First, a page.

Question: “My sister and I have powers of attorney for our mother. Mom also has her assets in a trust and we are joint trustees in the trust. We need to take over bill paying and handle financial matters for her. Would you please answer the following four (4) short elder care financial questions for us?”
1. When we pay bills, can we sign our own names to the checks since we are joint trustees on her accounts, including her checking?
Answer: If the checking account is in the trust, depending on the terms of the trust agreement and your state trust code, either one or both trustees should sign the checks in their own name(s) as trustee(s).
2. When depositing her checks from her long term care insurance company, do we endorse the checks with our names or hers?
Answer: How checks are to be endorsed depends on to whom they are payable. Generally, LTC insurance benefit checks are payable to the insured, in which case they should be endorsed either in your name, followed by “agent under power of attorney”, or in some states and depending on the terms of the power of attorney, it may be proper for you to sign her name, then “by [your name], agent under power of attorney”.
Personally, I am uncomfortable with anyone signing someone else’s name, so I recommend that the agent sign his or her own name, followed by agent under power of attorney. (Agent is the more modern title, but many powers of attorney still use the title “attorney-in-fact” or even just “attorney” for the agent, so use the terminology preferred in your state and used in your mother’s document.)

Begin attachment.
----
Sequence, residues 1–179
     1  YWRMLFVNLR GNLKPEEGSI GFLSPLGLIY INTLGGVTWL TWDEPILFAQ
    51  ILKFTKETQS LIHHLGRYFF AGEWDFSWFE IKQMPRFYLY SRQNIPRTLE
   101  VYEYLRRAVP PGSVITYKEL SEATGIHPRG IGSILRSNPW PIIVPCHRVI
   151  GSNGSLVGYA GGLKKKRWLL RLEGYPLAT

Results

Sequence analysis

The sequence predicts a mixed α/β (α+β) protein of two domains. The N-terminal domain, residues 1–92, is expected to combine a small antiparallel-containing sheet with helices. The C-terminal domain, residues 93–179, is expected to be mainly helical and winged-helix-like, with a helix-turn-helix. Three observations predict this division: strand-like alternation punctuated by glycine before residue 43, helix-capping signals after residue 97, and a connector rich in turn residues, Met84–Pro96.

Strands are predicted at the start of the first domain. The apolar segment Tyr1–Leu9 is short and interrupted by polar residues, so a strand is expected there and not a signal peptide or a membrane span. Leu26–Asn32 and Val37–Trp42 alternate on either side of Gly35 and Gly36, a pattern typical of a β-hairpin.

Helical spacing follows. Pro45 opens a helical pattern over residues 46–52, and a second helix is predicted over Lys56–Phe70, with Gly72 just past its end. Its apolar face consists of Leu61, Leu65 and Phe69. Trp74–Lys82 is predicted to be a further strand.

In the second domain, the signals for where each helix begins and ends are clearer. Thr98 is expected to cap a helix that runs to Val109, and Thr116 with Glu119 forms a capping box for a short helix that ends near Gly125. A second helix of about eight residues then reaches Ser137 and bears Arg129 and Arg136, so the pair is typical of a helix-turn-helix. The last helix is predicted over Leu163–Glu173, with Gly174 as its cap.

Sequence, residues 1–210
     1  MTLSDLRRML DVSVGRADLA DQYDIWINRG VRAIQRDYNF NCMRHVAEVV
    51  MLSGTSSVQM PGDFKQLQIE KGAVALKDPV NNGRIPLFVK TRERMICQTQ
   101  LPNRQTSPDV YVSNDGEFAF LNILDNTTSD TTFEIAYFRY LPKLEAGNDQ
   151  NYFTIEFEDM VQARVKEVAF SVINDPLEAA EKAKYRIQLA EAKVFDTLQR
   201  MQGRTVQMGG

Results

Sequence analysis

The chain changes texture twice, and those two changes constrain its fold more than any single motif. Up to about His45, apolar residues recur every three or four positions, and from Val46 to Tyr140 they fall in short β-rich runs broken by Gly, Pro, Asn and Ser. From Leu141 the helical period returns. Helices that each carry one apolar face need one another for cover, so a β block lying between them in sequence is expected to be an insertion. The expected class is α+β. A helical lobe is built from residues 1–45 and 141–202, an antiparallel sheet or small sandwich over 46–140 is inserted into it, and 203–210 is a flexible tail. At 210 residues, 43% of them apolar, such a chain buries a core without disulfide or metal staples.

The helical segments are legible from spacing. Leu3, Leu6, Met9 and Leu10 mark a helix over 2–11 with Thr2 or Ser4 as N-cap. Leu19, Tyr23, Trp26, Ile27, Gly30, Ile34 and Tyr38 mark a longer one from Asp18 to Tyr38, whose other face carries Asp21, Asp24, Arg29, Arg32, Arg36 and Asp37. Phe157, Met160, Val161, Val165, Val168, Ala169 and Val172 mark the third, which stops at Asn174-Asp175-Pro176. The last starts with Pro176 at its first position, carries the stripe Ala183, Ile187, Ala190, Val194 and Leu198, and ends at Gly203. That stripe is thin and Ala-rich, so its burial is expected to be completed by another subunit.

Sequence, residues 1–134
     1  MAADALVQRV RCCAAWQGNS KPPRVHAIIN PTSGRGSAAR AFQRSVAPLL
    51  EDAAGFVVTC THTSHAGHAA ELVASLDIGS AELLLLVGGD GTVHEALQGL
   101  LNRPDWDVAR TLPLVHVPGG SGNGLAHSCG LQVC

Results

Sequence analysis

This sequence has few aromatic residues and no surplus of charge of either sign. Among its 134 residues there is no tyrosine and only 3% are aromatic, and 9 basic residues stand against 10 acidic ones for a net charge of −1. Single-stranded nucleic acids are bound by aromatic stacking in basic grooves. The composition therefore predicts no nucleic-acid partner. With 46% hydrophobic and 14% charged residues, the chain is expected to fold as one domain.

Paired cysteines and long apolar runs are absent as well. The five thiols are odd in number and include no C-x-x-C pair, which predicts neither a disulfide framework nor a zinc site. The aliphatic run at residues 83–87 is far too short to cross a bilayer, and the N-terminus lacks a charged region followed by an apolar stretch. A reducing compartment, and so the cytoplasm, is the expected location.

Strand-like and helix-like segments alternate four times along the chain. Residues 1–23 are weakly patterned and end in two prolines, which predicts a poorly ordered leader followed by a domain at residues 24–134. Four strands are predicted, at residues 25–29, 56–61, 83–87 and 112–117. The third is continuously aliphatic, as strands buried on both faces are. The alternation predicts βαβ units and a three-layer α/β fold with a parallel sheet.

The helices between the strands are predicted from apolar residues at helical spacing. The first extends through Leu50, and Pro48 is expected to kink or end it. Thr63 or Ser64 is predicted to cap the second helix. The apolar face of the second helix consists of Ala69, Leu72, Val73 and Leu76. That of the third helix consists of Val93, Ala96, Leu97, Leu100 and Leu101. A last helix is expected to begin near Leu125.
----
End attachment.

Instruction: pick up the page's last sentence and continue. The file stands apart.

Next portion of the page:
3. Do the powers of attorney cover her trust assets or do we just use our rights as joint trustees in dealing with her banks?
Answer: In general, no. There may be exceptions, but in general, powers of attorney granted by an individual are ineffective at controlling transactions within a trust. The trustees are the fiduciaries responsible for transactions with trust assets and income.
4. Do we have to send copies of the powers of attorney to her utility and insurance companies in order to have her bills sent to us to pay?”
Answer: If utility and insurance accounts are in your mother’s personal name as an individual, you will deal with them by power of attorney. The companies will probably require a copy of your mother’s power of attorney in order to release information to you about her accounts and to enable you to make any changes in her accounts, such as to change the mailing address.
Martin C. Womer, Esq.
Maine Center for Elder Law, LLC
Kennebunk, Maine 04043
Member of the national ElderCare Matters Alliance, Maine chapter
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